Graduate medical education (GME), through fellowship training, plays a critical role in preparing new rheumatologists for our workforce and is an essential component when addressing the gap of excess demand for adult rheumatology care. The number of adult rheumatology fellowship training programs increased from 108 (in 2005–2006) to 113 (in 2015–2016), with an associated increase in the number of available positions (396 in 2006–2007 to 470 in 2015–2016). This reflects an increase in the number of programs and available positions within the programs. It should be noted that not all positions are filled each year (e.g., 431 of 468 positions were filled in 2014–2015). At the same time, ~50 applicants to adult rheumatology fellowships fail to match each year.
Conclusion: The current U.S. adult rheumatology workforce is in jeopardy of accelerated decline at a time when demands on the workforce face tremendous growth. The current GME training structure cannot support the increased demand. Potential strategies to address this gap include innovative mechanisms for GME funding to increase fellowship training positions, incentives for pursuing rheumatology training (e.g., loan repayment programs), and novel means for recruitment of care to underserved areas of the U.S.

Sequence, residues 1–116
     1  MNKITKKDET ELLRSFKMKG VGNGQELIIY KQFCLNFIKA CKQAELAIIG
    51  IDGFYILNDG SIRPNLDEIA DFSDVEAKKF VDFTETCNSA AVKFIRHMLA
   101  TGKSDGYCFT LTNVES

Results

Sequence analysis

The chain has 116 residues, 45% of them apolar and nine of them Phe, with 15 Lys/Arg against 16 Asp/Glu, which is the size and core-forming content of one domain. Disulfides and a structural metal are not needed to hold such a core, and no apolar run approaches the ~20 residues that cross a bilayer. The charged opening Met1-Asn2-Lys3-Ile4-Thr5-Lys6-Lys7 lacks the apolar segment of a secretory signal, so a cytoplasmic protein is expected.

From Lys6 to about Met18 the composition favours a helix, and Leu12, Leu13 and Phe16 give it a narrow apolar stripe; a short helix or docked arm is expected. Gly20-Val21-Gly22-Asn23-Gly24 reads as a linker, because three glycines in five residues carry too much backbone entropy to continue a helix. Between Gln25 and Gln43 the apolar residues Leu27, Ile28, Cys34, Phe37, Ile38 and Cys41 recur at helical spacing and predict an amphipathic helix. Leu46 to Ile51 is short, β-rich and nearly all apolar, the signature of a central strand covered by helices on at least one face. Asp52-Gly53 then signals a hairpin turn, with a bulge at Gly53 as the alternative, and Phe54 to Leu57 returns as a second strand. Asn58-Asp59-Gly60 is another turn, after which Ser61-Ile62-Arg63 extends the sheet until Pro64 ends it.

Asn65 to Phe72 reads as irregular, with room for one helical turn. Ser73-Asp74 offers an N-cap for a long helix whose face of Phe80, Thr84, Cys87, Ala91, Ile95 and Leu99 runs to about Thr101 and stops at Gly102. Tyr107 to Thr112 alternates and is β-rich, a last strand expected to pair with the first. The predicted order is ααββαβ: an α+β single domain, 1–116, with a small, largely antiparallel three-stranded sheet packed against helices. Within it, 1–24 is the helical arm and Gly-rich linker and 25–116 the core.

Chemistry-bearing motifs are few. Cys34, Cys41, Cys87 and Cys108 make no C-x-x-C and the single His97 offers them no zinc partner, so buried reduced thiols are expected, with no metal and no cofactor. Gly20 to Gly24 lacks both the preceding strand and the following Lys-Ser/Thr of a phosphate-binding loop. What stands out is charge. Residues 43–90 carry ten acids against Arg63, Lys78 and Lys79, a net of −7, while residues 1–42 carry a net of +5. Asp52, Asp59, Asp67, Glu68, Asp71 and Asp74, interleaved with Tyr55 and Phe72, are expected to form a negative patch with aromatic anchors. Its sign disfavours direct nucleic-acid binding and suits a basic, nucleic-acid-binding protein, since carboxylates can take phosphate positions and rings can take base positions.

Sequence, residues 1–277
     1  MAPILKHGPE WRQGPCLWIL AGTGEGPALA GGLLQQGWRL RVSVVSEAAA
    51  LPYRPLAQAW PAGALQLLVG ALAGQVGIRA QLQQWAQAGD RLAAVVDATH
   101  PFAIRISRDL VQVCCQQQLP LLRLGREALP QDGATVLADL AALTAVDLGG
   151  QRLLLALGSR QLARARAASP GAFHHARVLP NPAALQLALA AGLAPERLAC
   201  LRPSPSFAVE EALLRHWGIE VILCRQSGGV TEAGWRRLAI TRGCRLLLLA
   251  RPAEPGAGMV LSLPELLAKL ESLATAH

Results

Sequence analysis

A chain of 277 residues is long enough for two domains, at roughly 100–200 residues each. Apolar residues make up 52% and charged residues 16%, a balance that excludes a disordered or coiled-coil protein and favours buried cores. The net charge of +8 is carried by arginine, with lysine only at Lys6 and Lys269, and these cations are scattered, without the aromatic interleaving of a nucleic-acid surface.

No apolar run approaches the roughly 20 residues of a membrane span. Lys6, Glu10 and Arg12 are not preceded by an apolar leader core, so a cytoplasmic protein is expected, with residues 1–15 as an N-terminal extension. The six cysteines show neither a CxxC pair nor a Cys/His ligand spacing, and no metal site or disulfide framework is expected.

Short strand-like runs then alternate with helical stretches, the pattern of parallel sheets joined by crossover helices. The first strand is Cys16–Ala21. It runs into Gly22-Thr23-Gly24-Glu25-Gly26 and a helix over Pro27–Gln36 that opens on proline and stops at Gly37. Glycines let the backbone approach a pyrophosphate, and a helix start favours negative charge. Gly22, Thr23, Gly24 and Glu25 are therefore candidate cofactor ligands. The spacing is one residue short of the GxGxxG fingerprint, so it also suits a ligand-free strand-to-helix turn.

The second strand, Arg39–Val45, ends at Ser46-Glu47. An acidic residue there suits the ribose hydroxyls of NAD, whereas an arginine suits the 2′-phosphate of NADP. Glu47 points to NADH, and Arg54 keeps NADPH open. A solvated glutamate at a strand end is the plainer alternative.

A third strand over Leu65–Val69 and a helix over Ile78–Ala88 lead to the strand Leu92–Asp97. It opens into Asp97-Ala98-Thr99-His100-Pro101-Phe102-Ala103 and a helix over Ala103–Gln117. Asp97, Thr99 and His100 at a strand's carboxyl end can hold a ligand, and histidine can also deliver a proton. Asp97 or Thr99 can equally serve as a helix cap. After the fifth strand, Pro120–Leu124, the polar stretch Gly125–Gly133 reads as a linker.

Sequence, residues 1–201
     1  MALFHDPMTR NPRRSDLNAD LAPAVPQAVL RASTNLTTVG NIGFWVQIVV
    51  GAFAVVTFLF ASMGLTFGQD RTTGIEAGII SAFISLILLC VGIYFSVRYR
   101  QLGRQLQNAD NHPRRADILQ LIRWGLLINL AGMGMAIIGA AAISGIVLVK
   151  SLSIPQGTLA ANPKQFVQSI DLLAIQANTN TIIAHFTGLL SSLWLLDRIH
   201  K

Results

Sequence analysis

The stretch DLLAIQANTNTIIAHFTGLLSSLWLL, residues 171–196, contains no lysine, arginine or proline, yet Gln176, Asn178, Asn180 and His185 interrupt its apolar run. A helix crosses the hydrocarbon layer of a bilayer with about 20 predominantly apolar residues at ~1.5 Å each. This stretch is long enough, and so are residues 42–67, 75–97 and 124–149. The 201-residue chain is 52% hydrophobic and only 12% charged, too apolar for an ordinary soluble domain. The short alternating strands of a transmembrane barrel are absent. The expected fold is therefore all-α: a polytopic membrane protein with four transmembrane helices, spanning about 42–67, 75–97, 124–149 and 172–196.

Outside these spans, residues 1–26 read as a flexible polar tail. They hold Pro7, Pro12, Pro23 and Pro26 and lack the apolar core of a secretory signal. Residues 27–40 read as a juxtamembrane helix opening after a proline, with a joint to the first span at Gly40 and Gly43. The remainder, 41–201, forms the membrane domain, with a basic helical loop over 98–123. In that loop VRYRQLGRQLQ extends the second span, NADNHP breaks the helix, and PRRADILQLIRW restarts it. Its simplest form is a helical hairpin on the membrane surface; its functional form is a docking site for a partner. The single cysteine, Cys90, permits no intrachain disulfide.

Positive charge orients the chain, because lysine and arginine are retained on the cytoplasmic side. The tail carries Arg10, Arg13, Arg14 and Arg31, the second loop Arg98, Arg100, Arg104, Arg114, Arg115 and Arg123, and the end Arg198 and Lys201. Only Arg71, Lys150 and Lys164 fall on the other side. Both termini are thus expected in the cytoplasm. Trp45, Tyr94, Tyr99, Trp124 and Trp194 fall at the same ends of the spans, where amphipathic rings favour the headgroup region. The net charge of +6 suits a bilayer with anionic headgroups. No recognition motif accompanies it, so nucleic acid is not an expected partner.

It is evident that we must train more rheumatologists, and this will demand innovative graduate medical education funding mechanisms.
Excerpted and adapted from:
Bolster MB, Bass AR, Hausmann JS, et al. 2015 American College of Rheumatology workforce study: The role of graduate medical education in adult rheumatology. Arthritis Rheumatol. 2018 Jun;70(6):817–825.